Laura Boosinger - Music of the Southern Mountains
Feb 23, 2018
 Lancaster News 
The Lancaster News
By Gregory A. Summers
February 9, 2001

Kids make 'mountain' music

In the days before electricity, computers, Nintendo and television, what would you do for fun? "You'd run around in the yard, play music and do stuff like that," said Brooklyn Springs third-grader Timothy Terry.

"Stuff like that" is what folk musician Laura Boosinger is teaching Timothy and 118 of his classmates at Brooklyn Springs Elementary School this week in a study unit on South Carolina history. Not only are they learning dates and places of interest across the Palmetto State, the students are learning about mountain music, instruments and a few dance steps.

"The banjo came here from Africa," said 9-year-old Eric Cauthen. "It was made out of goatskin and they used deer skin for the strings." Seven classes of third graders are getting a hands-on look at banjos, canjos, dulcimers and other traditional stringed instruments. On Wednesday, each student got a chance to play a few chords on the 36-stringed Autoharp. Boosinger compared it to a dishwasher, clothes dryer and vacuum cleaner. "That's the deal about an Autoharp - it does it automatically just like appliances do," Boosinger said. "You press the buttons and strum the strings and you could play the melody. A hundred years ago, you could buy one from Sears and Roebuck catalog for about $4. Ministers carried Autoharps with them to lead the singing because they traveled from church to church to preach. They couldn't carry a piano with them everywhere - it was too big and too expensive."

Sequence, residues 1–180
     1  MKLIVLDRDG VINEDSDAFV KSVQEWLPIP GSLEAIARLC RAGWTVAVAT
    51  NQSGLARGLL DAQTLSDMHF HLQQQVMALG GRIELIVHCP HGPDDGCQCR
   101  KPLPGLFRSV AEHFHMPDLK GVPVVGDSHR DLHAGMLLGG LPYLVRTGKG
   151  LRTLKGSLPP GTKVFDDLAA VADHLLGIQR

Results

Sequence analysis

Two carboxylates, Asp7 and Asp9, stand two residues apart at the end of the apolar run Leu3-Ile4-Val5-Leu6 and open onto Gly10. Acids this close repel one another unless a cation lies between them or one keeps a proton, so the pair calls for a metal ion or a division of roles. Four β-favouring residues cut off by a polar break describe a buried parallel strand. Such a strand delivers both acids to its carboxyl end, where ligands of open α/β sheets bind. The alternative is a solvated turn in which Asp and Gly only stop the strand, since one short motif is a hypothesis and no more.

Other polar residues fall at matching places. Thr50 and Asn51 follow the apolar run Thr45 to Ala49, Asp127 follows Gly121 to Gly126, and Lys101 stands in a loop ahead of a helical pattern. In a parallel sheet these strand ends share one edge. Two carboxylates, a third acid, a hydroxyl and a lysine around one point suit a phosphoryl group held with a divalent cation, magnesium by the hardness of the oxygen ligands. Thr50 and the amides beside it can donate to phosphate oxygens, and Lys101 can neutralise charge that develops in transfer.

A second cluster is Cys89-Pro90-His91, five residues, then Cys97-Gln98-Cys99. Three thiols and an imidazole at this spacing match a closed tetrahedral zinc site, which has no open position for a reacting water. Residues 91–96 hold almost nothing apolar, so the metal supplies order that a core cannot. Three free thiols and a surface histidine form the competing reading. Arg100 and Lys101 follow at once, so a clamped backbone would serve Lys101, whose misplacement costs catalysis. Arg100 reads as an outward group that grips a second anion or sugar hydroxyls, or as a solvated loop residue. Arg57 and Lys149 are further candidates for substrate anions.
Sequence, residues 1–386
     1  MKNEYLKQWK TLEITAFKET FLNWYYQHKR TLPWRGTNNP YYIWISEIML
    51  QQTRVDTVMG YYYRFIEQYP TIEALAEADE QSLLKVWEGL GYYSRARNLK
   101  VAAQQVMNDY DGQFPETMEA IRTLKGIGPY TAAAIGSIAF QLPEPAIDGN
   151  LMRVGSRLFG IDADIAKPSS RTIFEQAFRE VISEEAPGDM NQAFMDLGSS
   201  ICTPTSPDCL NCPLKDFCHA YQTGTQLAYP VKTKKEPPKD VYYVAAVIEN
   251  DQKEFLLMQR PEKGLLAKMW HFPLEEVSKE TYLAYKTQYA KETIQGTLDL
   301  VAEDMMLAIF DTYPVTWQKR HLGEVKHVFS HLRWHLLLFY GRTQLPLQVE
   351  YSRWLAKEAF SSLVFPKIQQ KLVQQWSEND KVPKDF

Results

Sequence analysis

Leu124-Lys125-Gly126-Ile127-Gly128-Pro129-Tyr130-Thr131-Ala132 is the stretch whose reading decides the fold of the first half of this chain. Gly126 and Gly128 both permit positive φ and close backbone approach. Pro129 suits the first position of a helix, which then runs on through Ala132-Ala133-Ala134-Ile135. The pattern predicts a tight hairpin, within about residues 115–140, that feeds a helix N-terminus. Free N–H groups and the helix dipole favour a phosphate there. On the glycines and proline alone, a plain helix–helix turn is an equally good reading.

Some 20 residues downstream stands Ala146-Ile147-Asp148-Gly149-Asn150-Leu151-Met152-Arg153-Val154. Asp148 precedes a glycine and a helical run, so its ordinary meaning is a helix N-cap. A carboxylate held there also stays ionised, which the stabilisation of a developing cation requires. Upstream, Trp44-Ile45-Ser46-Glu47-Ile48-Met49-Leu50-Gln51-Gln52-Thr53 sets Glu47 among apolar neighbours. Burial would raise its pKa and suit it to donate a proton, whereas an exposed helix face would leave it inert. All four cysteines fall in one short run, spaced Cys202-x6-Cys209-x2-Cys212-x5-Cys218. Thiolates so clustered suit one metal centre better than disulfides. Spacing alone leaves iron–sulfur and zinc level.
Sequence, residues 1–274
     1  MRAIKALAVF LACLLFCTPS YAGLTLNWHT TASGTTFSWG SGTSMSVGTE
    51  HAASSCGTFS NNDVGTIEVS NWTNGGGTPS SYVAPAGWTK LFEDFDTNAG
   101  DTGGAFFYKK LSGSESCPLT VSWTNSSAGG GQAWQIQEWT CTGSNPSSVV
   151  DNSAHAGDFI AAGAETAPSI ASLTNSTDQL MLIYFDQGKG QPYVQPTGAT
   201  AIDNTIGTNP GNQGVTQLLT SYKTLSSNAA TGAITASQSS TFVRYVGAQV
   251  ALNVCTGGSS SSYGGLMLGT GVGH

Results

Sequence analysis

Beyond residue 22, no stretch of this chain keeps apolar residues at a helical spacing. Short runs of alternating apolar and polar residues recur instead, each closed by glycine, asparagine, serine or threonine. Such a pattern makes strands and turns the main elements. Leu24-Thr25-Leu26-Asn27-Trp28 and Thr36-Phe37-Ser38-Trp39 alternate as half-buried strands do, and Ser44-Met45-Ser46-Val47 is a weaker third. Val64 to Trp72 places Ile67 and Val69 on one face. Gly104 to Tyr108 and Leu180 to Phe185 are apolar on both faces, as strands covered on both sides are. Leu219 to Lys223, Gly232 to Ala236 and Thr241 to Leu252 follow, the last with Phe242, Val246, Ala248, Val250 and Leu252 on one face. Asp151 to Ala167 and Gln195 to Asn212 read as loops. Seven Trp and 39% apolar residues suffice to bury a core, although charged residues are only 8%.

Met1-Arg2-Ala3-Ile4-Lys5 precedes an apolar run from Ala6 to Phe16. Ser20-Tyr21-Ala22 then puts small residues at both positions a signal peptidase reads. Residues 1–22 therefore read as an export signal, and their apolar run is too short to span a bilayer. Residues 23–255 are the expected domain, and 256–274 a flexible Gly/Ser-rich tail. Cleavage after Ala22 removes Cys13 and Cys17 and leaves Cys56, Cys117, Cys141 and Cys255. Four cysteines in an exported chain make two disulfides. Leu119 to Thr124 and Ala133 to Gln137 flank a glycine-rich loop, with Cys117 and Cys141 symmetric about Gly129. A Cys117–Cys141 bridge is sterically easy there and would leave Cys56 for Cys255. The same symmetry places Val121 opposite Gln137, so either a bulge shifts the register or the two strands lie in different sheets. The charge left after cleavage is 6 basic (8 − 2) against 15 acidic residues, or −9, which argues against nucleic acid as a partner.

Boosinger said the folk classes give students a chance to experience other types of music - some of the students' only exposure to music has been through N'Sync and Brittany Spears. Others, she said, think folk music is "something old people listened to in the 1960s." "They don't have a clue about anything having to do with Southern mountain music and the fact that you don't have to do popular music to make a living," Boosinger said. "Having forms of music before electricity is a concept many of them can't realize."

Boosinger is a strong advocate of participatory classes. The classes, she said, are structured to help students develop cooperation skills and find their own niche. Boosinger said she wants them to understand that music is something that's accessible to them. Her ultimate goal, she said, is to help the youngsters find a way to make music a part of their lives. "Some of these kids are just now learning that they're musically inclined and classes like this help them branch out and explore other areas than academics," she said. "And some of the kids start to show leadership skills for the first time in this type of setting.

"Let's face it," she said, laughing, "As hard as he would've tried, I don't think Mozart could've made it in the classroom, but there's no doubt he made his mark in his own way."

Folk musician Laura Boosinger, far right, teaches Brooklyn Springs third-graders a dance Wednesday morning. Boosinger has been working with children at the school all week as part of a study unit on South Carolina history. The students pictured are in Breda Bailey's class.

Lorna Twitty, right, and Kayla Ivey, left, sing and clap to mountain music Wednesday morning during a class at Brooklyn Springs Elementary with folk musician Laura Boosinger. In the background are, from left, Tyrell Clyburn, Jasmine himson and Cory Baldwin.